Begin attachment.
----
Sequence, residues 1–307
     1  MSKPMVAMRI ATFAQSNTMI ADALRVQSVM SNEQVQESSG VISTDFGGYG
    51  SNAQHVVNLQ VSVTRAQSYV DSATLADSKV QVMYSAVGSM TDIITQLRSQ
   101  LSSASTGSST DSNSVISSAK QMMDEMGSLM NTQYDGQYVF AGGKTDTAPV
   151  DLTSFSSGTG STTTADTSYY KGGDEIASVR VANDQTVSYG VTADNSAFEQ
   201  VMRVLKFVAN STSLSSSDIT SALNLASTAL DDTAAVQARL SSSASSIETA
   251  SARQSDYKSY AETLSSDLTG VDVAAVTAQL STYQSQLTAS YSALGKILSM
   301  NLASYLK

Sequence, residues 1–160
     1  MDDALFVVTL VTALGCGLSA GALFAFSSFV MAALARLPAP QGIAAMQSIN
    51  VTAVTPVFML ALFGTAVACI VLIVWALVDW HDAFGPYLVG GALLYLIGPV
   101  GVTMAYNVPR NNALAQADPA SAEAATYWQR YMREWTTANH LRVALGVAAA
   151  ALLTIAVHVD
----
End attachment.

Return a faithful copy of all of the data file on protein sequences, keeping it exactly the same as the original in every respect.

Sequence, residues 1–307
     1  MSKPMVAMRI ATFAQSNTMI ADALRVQSVM SNEQVQESSG VISTDFGGYG
    51  SNAQHVVNLQ VSVTRAQSYV DSATLADSKV QVMYSAVGSM TDIITQLRSQ
   101  LSSASTGSST DSNSVISSAK QMMDEMGSLM NTQYDGQYVF AGGKTDTAPV
   151  DLTSFSSGTG STTTADTSYY KGGDEIASVR VANDQTVSYG VTADNSAFEQ
   201  VMRVLKFVAN STSLSSSDIT SALNLASTAL DDTAAVQARL SSSASSIETA
   251  SARQSDYKSY AETLSSDLTG VDVAAVTAQL STYQSQLTAS YSALGKILSM
   301  NLASYLK

Sequence, residues 1–160
     1  MDDALFVVTL VTALGCGLSA GALFAFSSFV MAALARLPAP QGIAAMQSIN
    51  VTAVTPVFML ALFGTAVACI VLIVWALVDW HDAFGPYLVG GALLYLIGPV
   101  GVTMAYNVPR NNALAQADPA SAEAATYWQR YMREWTTANH LRVALGVAAA
   151  ALLTIAVHVD